Me: You are absolutely right: Go now. Work again later. One thing okes agonise over is what vehicle to choose, and I think the actual answer is always ‘The One You Have.’ Just get into it and start driving. As for ‘What to take?’ – very little. Weight is the enemy. There’s very little you might pack that you can’t find along the way. Take less luggage and more money than you think.
A thought for both of us: Contact every little dorp optometrist en route and ask them if they need a locum. Tell them you’ll work a day or a week for them and house-sit while they have a holiday. Also always seek out the local birding fundi and ask him or her to take you to the local spots. Save time and see more.
The story started earlier when I told a tragic tale:
On Wednesday, July 18, 2012, pete swanepoel wrote: My fine VW kombi T5 bus went clunk after I dropped Jess off at school this morning, and suddenly no clutch, no gears, fokol. Absolutely no problem, sir, said Alpine Motors when the AA tow truck dropped me off there, just give us twenty four grand and we’ll have it as good as old. I picked up a lil Suzuki to keep me going meantime. R200 a day while I ponder whether to fix or sell.
Later: The ole kombi lay down with its wheels in the air, and the quote to fix it went up to forty four grand, so I got me a Fraud Ranger last week. 2007 model, a mere 89 000km on the clock. So far I’ve only dinged it the one time. Smashed the rear lights against a pillar in a parking garage.
Steve reed wrote:A three liettah turbot diesel! Now you can pull out tree stumps. Anyway, he said (I paraphrase), dirty VW no longer deserves your patronage, the lying thieves.
Me: Exactly. Just don’t tell anyone the Ford’s front wheels just trundle along for the ride . . . it’s a high-rider, so it masquerades as a Four Four Four as Jessie used to call them.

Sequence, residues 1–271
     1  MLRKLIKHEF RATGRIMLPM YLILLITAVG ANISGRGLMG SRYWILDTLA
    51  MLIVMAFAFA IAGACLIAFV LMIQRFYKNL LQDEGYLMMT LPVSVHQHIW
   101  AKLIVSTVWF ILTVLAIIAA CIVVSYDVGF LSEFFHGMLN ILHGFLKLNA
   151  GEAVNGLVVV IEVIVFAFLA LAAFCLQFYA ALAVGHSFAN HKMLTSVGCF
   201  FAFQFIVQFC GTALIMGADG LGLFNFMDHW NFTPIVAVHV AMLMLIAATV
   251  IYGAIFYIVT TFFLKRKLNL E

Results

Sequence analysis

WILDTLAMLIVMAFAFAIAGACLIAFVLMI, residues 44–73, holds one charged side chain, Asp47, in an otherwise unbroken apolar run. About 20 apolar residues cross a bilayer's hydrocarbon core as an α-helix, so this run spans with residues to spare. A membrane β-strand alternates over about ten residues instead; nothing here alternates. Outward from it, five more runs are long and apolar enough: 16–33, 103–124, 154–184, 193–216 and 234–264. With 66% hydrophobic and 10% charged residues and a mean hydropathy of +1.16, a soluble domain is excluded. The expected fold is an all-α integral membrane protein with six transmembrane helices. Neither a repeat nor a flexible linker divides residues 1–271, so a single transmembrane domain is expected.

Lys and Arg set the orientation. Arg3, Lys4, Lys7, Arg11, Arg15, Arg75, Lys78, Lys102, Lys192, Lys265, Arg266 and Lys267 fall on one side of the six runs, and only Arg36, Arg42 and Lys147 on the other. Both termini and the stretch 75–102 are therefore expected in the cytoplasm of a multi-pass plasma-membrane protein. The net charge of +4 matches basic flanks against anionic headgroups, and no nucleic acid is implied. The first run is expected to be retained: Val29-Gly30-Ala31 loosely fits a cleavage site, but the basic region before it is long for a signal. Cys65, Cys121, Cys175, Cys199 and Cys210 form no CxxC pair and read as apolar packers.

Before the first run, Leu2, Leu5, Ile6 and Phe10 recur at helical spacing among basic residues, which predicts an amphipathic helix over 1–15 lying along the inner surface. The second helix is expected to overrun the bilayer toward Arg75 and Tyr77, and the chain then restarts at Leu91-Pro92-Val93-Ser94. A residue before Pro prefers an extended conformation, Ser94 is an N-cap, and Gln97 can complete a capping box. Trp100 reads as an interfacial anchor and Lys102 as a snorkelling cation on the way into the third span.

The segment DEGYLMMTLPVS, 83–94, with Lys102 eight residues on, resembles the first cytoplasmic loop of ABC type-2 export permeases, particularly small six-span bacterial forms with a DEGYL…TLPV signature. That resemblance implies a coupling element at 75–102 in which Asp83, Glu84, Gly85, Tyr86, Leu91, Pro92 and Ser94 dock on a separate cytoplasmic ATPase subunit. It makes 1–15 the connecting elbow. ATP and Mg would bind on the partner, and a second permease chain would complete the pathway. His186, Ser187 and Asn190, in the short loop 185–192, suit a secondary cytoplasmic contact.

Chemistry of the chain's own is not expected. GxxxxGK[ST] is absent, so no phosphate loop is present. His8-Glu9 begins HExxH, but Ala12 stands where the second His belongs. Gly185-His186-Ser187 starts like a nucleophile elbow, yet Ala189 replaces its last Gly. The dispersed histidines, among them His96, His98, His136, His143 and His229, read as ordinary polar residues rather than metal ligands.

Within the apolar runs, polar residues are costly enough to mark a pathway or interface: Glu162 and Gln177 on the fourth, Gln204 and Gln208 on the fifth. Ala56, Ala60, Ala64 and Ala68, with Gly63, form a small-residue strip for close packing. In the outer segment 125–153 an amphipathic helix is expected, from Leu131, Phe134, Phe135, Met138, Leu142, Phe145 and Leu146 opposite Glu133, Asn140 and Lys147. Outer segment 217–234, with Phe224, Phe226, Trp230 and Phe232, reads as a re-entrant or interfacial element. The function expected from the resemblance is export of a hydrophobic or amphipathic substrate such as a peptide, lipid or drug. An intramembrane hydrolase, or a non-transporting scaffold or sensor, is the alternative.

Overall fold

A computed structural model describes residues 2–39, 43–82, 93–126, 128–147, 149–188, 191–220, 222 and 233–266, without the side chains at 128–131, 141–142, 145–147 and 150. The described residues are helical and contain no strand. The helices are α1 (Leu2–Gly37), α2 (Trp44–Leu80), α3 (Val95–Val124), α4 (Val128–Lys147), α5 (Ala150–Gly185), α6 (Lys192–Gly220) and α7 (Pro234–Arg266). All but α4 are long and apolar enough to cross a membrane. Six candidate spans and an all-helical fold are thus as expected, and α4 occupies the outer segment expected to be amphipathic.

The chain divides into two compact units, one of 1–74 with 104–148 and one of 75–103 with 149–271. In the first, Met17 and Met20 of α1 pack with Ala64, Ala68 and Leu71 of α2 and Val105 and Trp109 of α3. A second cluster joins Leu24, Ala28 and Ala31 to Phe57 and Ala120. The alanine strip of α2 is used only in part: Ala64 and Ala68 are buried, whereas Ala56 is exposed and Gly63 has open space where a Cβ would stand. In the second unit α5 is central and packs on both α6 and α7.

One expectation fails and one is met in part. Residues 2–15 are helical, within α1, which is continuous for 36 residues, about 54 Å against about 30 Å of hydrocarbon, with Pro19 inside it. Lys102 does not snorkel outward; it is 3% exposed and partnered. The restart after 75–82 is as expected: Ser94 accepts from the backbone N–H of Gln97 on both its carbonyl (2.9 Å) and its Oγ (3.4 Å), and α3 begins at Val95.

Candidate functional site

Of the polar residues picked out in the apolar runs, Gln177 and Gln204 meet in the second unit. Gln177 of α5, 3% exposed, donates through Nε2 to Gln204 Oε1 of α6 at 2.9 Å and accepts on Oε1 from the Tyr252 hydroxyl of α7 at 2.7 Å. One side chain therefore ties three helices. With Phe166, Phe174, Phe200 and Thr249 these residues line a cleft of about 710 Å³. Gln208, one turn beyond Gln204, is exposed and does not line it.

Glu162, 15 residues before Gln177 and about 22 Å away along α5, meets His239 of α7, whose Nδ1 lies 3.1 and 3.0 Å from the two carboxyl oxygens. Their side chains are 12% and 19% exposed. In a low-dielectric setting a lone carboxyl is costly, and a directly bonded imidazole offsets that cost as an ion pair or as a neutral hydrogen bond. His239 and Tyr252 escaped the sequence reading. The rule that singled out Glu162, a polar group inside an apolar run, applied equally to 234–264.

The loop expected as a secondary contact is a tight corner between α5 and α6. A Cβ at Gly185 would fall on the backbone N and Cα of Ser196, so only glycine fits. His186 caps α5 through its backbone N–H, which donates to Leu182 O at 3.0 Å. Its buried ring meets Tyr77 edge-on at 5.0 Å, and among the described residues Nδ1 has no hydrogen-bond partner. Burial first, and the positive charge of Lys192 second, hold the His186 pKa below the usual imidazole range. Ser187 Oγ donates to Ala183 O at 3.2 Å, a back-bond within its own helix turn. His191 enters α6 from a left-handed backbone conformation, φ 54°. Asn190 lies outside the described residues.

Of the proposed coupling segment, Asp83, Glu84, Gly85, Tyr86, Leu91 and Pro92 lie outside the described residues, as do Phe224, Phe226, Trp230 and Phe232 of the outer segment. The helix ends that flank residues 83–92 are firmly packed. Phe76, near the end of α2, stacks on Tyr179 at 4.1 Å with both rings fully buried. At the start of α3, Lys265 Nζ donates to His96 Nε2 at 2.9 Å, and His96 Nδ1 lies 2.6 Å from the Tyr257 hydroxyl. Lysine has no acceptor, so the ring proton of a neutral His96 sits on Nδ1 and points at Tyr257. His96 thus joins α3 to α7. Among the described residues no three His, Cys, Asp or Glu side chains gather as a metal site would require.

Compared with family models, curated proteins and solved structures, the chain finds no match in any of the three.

Steve: It’s when the BACK wheels freewheel that it’s more shameful. Like my corolla. At the local Toyota dealer they had a genuine Glen Barker Toyota circa 1975-ish, mint condition; belonged to a little old dear living locally. Now that was a back wheel driver, I am almost sure. They had it in the showroom as an object of curiosity.
Anyway that noo car: You gonna be pulling something with that – other than chicks? Or putting some sort of enclosure on the back? Forgot what they call it.
Me: Canopy. Maybe I’ll install a double bed mattress and dark curtains. You never know . . . it does exhibit strong chick-pulling tendencies.
Yeah, Glen’s Toyota! Green, it was. A Corona, I think. Definitely rear wheel drive. NX 106. His Dad still has NX 21 from when it was first nailed to their oxwagon when they arrived fresh in Natal to steal it from the Zooloos in the name of the Lawd.
postscript: Steve did buy a bus! And he did convert it into a camper van! Proud of ya! He and Evil Voomin did a really neat job:
That car? A 1970 Oldsmobile Cutlass 442. 455 cubic-inch V8. That’s 7.5-liters in today’s money.
windgat – impressive; or show-off
robos – ‘robots;’ traffic lights
Doories – Doornfontein; Johannesburg’s premier sought-after salubrious suburb; a wee bit past its prime maybe; but the first ‘Randlords’ did build their mansions here